- Family Caregiver State Tax Credit – New York should enact a family caregiver state tax credit to help offset the out-of-pocket costs of family caregivers and to recognize their significant contributions that reduce the demand for state-funded services.
- Training – New York State should require cultural and linguistic competency training for all state-licensed health care professionals.
- Long Term Services and Support – New York should establish a Long Term Services and Supports Disparities Task Force, under Governor Cuomo’s Long Term Care Planning Council. This should be led by New York’s Office of Minority Health and Health Disparities Prevention. The purpose would be to facilitate communication, coordination, and collaboration among relevant state agencies and communities of color.
- IRAs – Enact legislation that offers private sector workers in New York the opportunity to open individual retirement accounts (IRA) with low-cost options at their place of employment.
- Usury Law – Preserve New York’s strong usury law at all costs to defend against predatory lending, small-dollar loans, and other
exploitative consumer financial products. New York Usury law states “charging interest of more than 16% per year is civil usury. Further, in New York, charging, taking, or receiving interest of 25% or more is criminal usury.”
- Affordable Loans – Support community development financial institutions (CDFIs) to provide sound and affordable loans to people and
small businesses in ethnic communities.
- Deed Theft Scams – Update New York State laws that address deed theft scams to shield homeowners.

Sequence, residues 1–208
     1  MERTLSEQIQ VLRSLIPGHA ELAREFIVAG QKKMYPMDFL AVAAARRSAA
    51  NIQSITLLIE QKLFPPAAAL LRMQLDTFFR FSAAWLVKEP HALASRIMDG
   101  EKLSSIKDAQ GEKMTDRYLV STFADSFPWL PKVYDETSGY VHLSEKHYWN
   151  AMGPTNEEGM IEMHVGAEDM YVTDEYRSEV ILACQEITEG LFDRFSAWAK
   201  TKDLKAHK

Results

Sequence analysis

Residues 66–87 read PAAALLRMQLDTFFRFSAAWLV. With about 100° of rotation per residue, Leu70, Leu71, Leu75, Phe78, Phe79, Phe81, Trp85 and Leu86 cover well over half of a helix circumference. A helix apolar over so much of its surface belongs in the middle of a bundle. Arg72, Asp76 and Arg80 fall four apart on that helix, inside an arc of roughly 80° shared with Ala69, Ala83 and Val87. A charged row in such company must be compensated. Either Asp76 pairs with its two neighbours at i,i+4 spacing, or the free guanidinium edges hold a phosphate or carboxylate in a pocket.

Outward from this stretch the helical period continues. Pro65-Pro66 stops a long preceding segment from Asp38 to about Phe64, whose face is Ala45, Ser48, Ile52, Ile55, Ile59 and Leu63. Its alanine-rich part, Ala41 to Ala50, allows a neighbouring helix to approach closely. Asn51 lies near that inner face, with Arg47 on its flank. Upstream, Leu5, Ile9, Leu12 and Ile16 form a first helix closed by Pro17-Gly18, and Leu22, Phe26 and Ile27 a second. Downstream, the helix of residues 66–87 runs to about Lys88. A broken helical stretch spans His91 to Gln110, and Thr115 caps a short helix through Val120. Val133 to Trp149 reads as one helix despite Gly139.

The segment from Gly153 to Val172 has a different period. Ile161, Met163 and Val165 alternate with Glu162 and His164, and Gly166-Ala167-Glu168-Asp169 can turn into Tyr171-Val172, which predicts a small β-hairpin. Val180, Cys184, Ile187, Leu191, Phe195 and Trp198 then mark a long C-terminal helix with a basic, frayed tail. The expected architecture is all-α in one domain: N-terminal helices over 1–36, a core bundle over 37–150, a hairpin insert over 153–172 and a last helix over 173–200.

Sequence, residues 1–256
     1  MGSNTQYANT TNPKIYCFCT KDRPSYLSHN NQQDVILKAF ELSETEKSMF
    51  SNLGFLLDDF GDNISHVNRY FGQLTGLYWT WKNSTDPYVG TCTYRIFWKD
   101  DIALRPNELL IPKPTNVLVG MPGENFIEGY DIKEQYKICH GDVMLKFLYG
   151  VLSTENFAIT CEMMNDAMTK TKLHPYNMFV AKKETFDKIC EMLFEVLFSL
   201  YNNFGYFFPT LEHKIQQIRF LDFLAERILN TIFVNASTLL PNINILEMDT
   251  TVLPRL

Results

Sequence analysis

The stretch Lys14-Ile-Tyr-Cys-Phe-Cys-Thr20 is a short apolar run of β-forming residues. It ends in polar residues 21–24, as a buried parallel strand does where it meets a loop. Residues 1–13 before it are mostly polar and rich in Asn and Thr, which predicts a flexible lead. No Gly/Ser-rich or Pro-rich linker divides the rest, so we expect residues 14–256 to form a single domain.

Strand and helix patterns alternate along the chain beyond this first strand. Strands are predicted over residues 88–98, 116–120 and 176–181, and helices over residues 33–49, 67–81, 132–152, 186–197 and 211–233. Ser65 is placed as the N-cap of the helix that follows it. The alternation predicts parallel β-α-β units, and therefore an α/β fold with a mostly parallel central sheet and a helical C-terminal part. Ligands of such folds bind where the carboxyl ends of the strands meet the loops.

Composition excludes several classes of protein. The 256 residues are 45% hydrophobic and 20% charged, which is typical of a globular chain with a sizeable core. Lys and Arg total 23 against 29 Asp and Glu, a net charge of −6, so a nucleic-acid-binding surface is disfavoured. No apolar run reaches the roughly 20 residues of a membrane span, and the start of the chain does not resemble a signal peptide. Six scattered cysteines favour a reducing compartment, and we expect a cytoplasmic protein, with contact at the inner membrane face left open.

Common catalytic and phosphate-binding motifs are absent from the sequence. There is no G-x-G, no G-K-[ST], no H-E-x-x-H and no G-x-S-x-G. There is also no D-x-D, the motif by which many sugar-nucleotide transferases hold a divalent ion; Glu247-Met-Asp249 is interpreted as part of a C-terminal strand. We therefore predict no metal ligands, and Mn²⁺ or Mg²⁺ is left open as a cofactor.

- SNAP Enrollment – Close the gap of unenrolled people of color for the Supplement Nutrition Assistance Program (SNAP). New York should offer information about SNAP in multiple languages beyond those required by the State’s language access policies. The State should also conduct outreach and comprehensive screening.
- Student Loan Borrowers – Support the creation of a “Student Loan Ombudsman” and consumer protections to protect borrowers from misleading and predatory practices of student loan services and/or debt consultants.
- Affordable Housing – Make housing affordable and prevent displacement. This can be done through inclusionary zoning and support of Community Land Trusts and property tax exemptions to help protect minorities from gentrification and its ill effects.
- Transportation Accessibility – Increase transit and mobility options by improving accessibility within the Metropolitan Transit Authority (MTA) system.
- Pedestrian Safety -Increase funding for existing state legislation that requires pedestrian safety to be taken into account in new and redesigned streets.
- Accessible Housing – Create accessible options for the aging by supporting local zoning ordinances that facilitate the creation of Accessory Dwelling Units (ADUs), promoting universal design features in new or renovated housing, and expanding funding to lower-income older adults who need to make home modifications to improve accessibility.
The organizations partnering in this groundbreaking study offer many resources both locally and nationally to support those seeking guidance and services. Find out more below, and visit their websites for additional information.
AARP (American Association of Retired Persons) – AARP is the nation’s largest non-profit, non-partisan, social welfare organization. With a membership of over 38 million, AARP is dedicated to empowering Americans ages 50+ years to choose how they live as they age. The organization focuses on health care, employment and income security, and protection from financial abuse. Learn more at AARP.org and AARP NY.